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Main page » Dictionaries and Encyclopedias » Encyclopedia of Greco-Roman Mythology

Encyclopedia of Greco-Roman Mythology


In more than 1400 entries, this guide covers the major gods and heroes, many minor figures, and even some historical figures and places. Unfortunately, the text is sometimes confusing, marred by syntactic tangles and clumsy wording. Some content errors exist (e.g., Hellenic for Hellenistic, Phintias for Phidias), together with inadequate cross-referencing (e.g., between "Trojan Horse" and "Wooden Horse," neither referencing the other). There is no way to tell which names in a given entry have their own individual entries. The preface asserts that "...practice and common sense will lead to the correct pronunciation" of Greek names, end of subject. The orientation is not literary: there is no distinction between the Iliadic and Odyssean portrayal of Odysseus, between the Underworld of the Odyssey and that of the Aeneid, no mention of scholarly debate over Virgil's Augustan agenda, and not enough detail in the description of Odysseus's or Aeneas's narratives. Such weaknesses reduce the value of what is a most thorough and helpful guide. There is an extensive bibliography (missing Piero Boitani, Roberto Calasso, Brooks Otis), and the appendixes give chronologies of ancient Greece, Rome, and Roman emperors.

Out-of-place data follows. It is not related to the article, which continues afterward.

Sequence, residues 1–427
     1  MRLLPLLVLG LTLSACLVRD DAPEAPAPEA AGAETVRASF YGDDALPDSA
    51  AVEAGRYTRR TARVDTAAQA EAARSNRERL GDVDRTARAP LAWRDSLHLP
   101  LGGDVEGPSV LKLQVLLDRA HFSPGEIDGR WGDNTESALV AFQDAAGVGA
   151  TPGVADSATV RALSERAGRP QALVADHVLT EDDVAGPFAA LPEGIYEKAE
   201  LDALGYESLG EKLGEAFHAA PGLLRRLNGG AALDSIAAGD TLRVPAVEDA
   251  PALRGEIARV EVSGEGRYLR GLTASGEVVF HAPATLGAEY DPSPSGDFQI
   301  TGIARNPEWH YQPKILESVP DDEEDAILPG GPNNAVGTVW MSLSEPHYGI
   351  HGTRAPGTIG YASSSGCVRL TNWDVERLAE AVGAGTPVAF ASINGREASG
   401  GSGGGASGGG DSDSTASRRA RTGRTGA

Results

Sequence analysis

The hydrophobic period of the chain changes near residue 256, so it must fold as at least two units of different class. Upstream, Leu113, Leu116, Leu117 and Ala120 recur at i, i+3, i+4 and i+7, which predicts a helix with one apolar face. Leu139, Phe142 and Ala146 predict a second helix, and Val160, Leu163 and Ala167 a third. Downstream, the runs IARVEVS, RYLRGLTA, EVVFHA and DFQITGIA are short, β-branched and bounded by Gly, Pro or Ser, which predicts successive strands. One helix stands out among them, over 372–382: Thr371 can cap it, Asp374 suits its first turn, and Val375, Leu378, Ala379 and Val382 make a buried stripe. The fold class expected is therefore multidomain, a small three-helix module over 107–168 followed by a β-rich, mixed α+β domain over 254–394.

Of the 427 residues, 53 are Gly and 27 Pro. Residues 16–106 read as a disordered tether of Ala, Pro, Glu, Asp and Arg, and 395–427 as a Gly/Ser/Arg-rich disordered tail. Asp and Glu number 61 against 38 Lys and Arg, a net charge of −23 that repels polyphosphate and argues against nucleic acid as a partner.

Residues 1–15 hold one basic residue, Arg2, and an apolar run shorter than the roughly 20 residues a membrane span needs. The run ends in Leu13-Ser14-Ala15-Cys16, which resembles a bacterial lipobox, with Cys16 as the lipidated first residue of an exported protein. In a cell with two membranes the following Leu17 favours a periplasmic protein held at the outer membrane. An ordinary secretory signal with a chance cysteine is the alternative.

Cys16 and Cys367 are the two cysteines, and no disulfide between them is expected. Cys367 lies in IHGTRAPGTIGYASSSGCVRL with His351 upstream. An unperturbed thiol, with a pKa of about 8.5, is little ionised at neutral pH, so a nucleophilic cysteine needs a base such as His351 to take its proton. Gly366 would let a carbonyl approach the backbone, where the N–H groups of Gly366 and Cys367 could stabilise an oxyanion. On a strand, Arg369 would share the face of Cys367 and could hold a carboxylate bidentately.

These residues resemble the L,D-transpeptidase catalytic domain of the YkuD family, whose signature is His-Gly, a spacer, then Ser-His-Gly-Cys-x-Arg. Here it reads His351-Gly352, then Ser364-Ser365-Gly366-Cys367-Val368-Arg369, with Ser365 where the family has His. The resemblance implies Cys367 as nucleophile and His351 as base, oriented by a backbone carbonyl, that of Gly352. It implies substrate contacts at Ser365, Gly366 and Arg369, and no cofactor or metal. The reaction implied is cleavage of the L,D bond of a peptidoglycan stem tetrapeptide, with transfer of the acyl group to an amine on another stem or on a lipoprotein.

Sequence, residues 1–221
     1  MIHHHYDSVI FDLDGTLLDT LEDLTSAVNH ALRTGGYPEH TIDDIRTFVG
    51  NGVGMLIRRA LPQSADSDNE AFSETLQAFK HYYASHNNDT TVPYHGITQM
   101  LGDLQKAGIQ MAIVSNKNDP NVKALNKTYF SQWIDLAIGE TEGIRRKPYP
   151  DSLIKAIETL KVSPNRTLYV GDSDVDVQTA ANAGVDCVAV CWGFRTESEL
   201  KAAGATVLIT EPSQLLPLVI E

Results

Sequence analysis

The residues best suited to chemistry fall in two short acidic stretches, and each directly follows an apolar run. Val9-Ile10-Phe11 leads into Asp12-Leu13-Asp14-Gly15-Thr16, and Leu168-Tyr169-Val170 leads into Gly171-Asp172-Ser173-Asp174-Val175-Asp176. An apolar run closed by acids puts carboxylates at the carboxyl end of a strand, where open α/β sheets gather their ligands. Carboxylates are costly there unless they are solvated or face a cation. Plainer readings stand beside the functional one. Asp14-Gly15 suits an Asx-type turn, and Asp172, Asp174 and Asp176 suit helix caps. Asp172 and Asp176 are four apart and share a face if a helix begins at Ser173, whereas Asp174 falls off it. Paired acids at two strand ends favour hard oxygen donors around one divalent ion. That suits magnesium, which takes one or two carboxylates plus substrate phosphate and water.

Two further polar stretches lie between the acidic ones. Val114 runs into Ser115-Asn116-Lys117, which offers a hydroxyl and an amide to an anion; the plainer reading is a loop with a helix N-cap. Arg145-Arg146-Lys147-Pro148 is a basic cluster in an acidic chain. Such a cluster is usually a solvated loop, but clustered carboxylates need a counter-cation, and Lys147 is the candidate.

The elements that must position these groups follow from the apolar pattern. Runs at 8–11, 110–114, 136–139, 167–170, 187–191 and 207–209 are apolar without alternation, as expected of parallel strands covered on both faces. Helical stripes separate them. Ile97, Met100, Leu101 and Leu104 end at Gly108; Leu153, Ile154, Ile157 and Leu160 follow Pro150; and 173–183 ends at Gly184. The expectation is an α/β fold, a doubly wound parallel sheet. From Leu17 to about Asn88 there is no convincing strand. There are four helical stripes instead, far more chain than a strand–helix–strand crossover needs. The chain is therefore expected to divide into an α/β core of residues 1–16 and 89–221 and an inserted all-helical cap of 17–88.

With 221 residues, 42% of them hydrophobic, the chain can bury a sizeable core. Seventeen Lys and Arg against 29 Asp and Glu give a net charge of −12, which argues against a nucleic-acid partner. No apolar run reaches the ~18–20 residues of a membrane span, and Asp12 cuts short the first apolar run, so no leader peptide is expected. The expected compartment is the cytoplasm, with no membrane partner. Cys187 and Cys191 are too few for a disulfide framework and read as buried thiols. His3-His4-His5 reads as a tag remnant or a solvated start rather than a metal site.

These two volumes of Greek and Roman mythology cover essentially the same material, though each contains some information the other does not. Dixon-Kennedy's Encyclopedia is relatively easy to read. Entries, in ready-reference format, are short and to the point. Cross references are given, though they are not extensive. Readers will use this as a quick reference source only, leading them to more in-depth searching as their interest dictates. Dixon-Kennedy (European Myth & Legend, Blandford, 1997) does not offer citations for each entry because he has restricted his research citations to four volumes: Robert Gravess two-volume The Greek Myths, Homers Iliad and Odyssey, and Virgils Aeneid. All other information, he states in his preface, comes from original personal research. Nonetheless, he includes an extensive bibliography of works that contain essential information to some degree or another. The Cassell Dictionary generally has more extensive entries. Citations are given with each entry, and cross references are included within the text in small capital letters. More resources have been cited in the text, but the bibliography is not quite as extensive as that in the Encyclopedia. This volume includes pictures and photographs, which the other does not, as well as references within entries to the mythological influence on art, literature, and culture. British scholar March also quotes often from classical poets and playwrights where appropriate. In general, the Cassell Dictionary is more scholarly in both content and appearance, while the Encyclopedia is more accessible to younger students. Either is an acceptable addition, depending on the needs of the collection.

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